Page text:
The survival of plants is dependent on a number of factors which include water, minerals, gases, and nutrients they receive. The movement of gas, water, and nutrients in plants are carried out in components. They take in carbon dioxide from the air through the stomata present in their leaves and they absorb compounds of nitrogen, phosphorus, etc., from the soil by their roots. If the distance to be traversed is relatively small, diffusion process occurs. As the distances increases in tall trees, a well-developed transportation system arises as these movements of substances have to be facilitated with extreme care.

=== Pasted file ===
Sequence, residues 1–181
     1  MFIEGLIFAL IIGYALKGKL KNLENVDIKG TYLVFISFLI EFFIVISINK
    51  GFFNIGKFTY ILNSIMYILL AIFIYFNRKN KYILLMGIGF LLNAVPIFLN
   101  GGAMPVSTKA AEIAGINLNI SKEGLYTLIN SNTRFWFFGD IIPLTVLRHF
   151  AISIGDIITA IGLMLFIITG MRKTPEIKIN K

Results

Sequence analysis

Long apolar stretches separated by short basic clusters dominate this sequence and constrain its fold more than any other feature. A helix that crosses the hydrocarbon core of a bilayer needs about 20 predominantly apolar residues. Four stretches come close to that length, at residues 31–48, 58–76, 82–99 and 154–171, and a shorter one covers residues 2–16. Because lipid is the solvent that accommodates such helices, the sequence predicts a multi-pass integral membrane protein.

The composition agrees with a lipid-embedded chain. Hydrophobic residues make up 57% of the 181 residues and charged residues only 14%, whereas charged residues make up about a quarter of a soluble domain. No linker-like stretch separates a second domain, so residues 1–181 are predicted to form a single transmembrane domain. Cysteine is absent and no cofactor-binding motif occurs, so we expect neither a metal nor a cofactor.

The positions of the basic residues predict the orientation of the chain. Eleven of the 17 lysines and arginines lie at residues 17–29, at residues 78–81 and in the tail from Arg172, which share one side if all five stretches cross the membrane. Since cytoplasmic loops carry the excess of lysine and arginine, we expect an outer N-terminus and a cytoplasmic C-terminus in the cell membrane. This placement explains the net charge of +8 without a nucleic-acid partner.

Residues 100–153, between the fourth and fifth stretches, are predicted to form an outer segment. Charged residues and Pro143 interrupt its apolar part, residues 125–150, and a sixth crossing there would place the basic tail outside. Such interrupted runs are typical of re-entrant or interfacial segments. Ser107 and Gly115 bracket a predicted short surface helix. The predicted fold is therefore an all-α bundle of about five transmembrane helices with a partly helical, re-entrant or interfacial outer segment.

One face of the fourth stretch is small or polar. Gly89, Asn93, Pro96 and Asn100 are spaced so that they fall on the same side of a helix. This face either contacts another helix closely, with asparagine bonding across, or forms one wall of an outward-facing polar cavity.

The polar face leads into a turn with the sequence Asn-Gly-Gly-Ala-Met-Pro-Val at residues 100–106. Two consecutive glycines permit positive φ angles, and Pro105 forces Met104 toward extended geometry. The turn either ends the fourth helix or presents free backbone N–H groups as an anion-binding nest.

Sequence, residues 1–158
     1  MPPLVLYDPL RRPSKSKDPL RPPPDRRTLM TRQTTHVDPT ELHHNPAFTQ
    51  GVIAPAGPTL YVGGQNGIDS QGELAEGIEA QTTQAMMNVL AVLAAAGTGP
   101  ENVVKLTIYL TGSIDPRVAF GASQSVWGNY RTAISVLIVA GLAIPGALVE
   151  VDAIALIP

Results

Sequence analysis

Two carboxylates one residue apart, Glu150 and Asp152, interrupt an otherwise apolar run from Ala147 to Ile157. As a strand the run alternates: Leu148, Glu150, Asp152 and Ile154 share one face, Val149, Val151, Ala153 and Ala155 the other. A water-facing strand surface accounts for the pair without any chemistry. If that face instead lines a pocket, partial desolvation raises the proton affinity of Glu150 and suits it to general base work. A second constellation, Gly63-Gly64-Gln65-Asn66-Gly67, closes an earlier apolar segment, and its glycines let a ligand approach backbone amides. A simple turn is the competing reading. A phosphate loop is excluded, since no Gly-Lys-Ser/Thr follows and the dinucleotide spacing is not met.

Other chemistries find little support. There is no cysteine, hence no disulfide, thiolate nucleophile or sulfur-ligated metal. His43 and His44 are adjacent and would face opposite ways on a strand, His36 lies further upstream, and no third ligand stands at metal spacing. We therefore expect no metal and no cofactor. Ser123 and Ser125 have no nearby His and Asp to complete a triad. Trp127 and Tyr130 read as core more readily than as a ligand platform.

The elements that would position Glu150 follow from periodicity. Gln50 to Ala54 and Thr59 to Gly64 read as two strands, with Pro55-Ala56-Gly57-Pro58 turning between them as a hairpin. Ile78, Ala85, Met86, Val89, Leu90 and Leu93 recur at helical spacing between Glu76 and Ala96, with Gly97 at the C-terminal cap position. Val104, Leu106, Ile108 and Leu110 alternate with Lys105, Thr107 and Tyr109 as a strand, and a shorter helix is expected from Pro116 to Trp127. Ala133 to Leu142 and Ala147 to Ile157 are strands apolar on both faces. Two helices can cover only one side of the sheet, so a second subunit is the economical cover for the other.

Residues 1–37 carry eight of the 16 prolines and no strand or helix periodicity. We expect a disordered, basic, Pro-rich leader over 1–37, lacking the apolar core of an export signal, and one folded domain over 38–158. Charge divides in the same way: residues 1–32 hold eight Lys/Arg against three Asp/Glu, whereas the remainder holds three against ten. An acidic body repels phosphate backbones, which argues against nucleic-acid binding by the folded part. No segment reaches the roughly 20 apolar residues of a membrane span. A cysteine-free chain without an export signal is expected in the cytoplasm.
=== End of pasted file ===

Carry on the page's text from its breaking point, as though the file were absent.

The amount of energy required by plants is lower compared to that of animals, hence there is a requirement of slower transportation. In plants, a tube-like passage made up of vascular tissues called xylem and phloem are two modes of transportation. Water and minerals travel upwards through the xylem, while phloem transport synthesized food to other parts of the plant. The movement of water and other nutrients from one part of a plant to another is called translocation. Water gets absorbed by osmosis while minerals by active transport. The method used in the upward movement of water through the xylem is determined by the cohesion-tension theory. Here the driving force of transport is transpiration. In this process, cohesion is responsible for driving more water through the xylem and excess water molecules are pulled up by the pulling force which later evaporates through the tiny pores of stomata.